MUSIC CLIP - OSCAR PETERSON, “MOONGLOW”
Welcome to Afterglow, [a show of vocal jazz and popular song from the Great American Songbook], I’m your host, Mark Chilla.
This week on the show, I’m showcasing the work of jazz singer Chris Connor. She was one of the most successful singers to emerge out of Stan Kenton’s Orchestra in the 1950s. And she (along with fellow Kentonites June Christy and Anita O’Day) cultivated a cool jazz style while interpreting music from the American songbook. This hour, I’ll highlight parts of her decades-long recording career, all the way from the 1940s to her final work in the 2000s.
It’s A Jazz Date With Chris Connor, coming up next on Afterglow
MUSIC - CHRIS CONNOR, “A FOGGY DAY”
MUSIC - CHRIS CONNOR, “NICE WORK IF YOU CAN GET IT”
Two George and Ira Gershwin songs from 1937, performed there in 1957 by jazz singer Chris Connor, on her Atlantic album titled Chris Connor Sings The George Gershwin Almanac of Song. Just now, we heard “Nice Work If You Can Get It,” before that “A Foggy Day."
MUSIC CLIP - ANDRE PREVIN, “NICE WORK IF YOU CAN GET IT”
Mark Chilla here on Afterglow. On this show, we’re saluting the great jazz singer Chris Connor. Chris Connor had a career that stretched for most of the last half of the 20th century, but she flourished in the 1950s and 60s. That’s when she became one of the leading cool jazz singers, interpreting the American Songbook with her signature rich and smoky voice.
Chris Connor was born Mary Loutsenhizer in Kansas City, Missouri on November 8, 1927, and when she was a teenager, she decided to pursue singing full-time, adopting the gender-ambiguous stage name of Chris Connor.
She moved to New York City in the late 1940s, and within a few weeks found work with bandleader Claude Thornhill. Thornhill had his own vocal group called “The Snowflakes,” named after his big hit song “Snowfall,” and Connor quickly joined their ranks as their alto lead.
She didn’t stay with the Snowflakes for that long, and only recorded with them once in 1949. In this session, you can clearly hear her taking a solo on the song “There’s A Small Hotel,” emulating the sound of singer Jo Stafford and her work with the vocal group the Pied Pipers.
Here’s that recording now. This is Chris Connor and the Snowflakes with Claude Thornhill’s band performing the Rodgers and Hart song “There’s A Small Hotel,” on Afterglow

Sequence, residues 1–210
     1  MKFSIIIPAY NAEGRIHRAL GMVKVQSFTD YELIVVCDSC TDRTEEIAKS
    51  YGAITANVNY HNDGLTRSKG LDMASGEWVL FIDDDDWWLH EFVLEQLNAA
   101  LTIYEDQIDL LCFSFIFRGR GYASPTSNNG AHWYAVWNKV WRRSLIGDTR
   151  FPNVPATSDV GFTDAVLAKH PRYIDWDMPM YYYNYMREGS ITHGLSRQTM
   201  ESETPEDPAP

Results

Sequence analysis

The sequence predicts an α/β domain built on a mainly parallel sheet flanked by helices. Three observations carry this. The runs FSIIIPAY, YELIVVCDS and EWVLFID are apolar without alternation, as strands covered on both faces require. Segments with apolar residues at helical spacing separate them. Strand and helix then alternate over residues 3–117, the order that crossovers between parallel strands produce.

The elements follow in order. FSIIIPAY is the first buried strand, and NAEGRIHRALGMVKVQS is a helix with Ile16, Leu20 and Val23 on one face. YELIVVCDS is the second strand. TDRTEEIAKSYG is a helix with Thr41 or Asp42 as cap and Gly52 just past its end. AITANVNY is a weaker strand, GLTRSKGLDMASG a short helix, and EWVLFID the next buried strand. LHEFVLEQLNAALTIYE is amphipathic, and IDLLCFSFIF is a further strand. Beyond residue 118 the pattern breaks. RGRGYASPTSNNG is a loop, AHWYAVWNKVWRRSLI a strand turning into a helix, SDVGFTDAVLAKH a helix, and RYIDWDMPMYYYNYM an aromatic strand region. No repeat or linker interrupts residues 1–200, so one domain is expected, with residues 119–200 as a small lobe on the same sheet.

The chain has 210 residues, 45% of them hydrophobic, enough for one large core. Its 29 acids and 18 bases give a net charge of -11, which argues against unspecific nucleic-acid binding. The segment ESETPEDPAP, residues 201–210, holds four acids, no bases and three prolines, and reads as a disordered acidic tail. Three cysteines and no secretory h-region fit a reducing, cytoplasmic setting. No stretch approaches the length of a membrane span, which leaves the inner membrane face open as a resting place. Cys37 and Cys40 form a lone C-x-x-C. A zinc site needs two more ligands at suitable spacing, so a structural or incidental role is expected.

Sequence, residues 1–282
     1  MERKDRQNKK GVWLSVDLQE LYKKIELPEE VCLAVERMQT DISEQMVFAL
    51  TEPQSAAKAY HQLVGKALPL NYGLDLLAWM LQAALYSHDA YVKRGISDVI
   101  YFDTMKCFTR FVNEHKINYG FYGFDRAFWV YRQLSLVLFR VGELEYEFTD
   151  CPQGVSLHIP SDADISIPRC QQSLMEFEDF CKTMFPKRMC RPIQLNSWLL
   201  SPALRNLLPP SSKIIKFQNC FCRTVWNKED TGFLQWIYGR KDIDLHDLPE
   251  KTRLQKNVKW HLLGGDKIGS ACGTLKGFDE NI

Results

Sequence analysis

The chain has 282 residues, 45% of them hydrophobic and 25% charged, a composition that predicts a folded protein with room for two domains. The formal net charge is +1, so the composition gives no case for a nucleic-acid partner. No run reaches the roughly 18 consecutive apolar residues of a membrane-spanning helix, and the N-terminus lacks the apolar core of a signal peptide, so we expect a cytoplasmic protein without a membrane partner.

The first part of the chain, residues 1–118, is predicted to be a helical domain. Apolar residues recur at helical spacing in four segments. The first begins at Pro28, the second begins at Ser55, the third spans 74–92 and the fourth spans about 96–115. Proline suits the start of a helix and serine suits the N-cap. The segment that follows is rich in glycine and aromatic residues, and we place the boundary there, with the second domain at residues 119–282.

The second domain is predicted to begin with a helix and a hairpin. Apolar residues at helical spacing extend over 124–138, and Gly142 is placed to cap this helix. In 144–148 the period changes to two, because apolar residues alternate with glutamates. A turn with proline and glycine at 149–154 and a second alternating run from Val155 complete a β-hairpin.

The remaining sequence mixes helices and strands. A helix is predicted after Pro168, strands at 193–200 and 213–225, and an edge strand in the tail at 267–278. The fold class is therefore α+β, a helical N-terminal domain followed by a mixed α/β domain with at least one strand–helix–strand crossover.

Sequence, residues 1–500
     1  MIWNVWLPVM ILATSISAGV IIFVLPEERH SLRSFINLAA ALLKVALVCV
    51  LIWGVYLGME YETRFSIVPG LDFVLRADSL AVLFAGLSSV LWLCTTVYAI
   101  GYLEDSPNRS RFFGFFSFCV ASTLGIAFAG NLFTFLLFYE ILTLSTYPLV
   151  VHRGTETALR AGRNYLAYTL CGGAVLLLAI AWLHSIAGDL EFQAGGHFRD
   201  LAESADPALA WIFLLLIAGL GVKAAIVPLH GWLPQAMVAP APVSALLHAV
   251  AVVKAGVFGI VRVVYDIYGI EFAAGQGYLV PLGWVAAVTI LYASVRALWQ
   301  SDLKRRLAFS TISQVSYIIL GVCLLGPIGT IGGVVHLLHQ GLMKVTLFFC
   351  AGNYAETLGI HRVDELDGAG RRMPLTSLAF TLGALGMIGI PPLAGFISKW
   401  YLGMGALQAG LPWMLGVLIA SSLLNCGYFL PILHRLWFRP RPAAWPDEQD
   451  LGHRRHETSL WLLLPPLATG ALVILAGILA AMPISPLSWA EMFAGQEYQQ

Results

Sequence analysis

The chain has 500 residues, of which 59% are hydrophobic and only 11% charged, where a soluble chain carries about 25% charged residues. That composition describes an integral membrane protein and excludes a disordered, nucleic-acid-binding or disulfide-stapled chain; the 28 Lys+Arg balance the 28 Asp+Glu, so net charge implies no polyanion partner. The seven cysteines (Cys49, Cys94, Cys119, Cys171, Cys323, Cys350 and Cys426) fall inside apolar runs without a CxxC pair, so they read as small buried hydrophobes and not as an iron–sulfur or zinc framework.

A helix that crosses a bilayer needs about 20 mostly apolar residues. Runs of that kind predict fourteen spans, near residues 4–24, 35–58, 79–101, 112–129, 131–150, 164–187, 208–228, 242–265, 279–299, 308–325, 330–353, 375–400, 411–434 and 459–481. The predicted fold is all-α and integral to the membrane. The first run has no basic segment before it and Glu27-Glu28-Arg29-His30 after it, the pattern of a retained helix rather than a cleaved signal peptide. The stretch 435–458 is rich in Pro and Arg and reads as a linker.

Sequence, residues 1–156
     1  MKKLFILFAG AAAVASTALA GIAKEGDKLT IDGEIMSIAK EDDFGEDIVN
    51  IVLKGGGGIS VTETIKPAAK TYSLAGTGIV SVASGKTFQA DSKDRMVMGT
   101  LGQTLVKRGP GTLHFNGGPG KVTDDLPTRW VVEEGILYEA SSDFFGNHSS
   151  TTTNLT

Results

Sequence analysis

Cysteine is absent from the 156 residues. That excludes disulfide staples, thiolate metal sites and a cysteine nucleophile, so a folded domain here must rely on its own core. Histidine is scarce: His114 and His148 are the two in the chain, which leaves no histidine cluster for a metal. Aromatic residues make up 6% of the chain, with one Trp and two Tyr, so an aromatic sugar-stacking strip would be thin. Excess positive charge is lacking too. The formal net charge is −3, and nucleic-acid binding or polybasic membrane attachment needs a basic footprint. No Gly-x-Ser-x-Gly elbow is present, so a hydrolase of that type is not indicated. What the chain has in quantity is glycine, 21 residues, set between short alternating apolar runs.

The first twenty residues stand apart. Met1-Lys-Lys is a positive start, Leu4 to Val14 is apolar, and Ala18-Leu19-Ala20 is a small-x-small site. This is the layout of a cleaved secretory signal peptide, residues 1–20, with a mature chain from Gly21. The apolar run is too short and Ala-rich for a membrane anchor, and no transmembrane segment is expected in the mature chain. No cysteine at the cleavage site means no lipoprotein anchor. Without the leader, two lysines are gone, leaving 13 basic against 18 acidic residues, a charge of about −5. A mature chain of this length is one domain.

MUSIC - CLAUDE THORNHILL AND HIS ORCHESTRA, FEAT. THE SNOWFLAKES WITH CHRIS CONNOR, “THERE'S A SMALL HOTEL”
The first professional recording of singer Chris Connor from September 1949. We just heard her taking a solo with the vocal group The Snowflakes, part of Claude Thornhill’s Orchestra. That song was arranged by the great Gil Evans.
After singing with Claude Thornhill, Chris Connor bounced around to a few bands in the New York area, before landing a permanent spot as the lead singer in Stan Kenton’s Orchestra. At this point, Kenton’s singer June Christy had left the group, and in fact, it was Christy who first heard Connor on the radio, suggesting her to Kenton. Luckily, the two singers had a similar kind of cool jazz sound.
She only stayed with the band for a few months, before moving on, but in those few months she made a few wonderful recordings, including one song that became associated with her throughout her career. Let’s hear it now.
This is Chris Connor and Stan Kenton’s Orchestra in 1953 with “All About Ronnie,” on Afterglow.
MUSIC - STAN KENTON AND HIS ORCHESTRA, FEAT. CHRIS CONNOR, “ALL ABOUT RONNIE”
Chris Connor with Stan Kenton’s Orchestra in April 1953 with the Joe Greene song “All About Ronnie.” Greene was in the studio when Connor recorded this song, which made her extremely nervous. However, the recording was a winner and she recorded the song many more times over the course of her entire career.
Chris Connor got sick when Stan Kenton’s Orchestra went on the road, so she was stuck in New York City for most of 1953. Luckily, a great opportunity was around the corner. The struggling jazz label Bethlehem Records, along with its intrepid young producer Creed Taylor, were looking for a way to change their sound, and they turned to the cool jazz sound of Chris Connor.
Taylor helped organize a few sessions with Connor, including with pianist Ellis Larkins, which later became the album Chris Connor Sings Lullabies of Birdland, her first solo LP. The LP sold 40,000 copies and turned the label around, and over the next two years, Connor recorded many more LPs, EPs and singles for the label.
We’ll hear a few of her Bethlehem recordings now, beginning with a recording from her 1954 debut. This is Chris Connor and Ellis Larkins with the Rodgers and Hart song “Spring Is Here,” on Afterglow.
MUSIC - CHRIS CONNOR, “SPRING IS HERE”
MUSIC - CHRIS CONNOR, “TROUBLE IS A MAN”
MUSIC - CHRIS CONNOR, “OUT OF THIS WORLD”
A few of the tracks recorded by Chris Connor for the Bethlehem label in the mid 1950s, produced by Creed Taylor. Just now, we heard the Harold Arlen and Johnny Mercer tune “Out Of This World,” recorded in 1954 and featured on the Bethlehem LP simply titled “Chris.” The Vinnie Burke Quartet was accompanying. Before that, the Alec Wilder tune “Trouble Is A Man,” recorded in 1955 with pianist Ralph Sharon and featured on the LP This Is Chris. And starting that set, the Rodgers and Hart tune “Spring Is Here,” recorded in 1954 with pianist Ellis Larkins and featured on the LP Chris Connor Sings Lullabies of Birdland.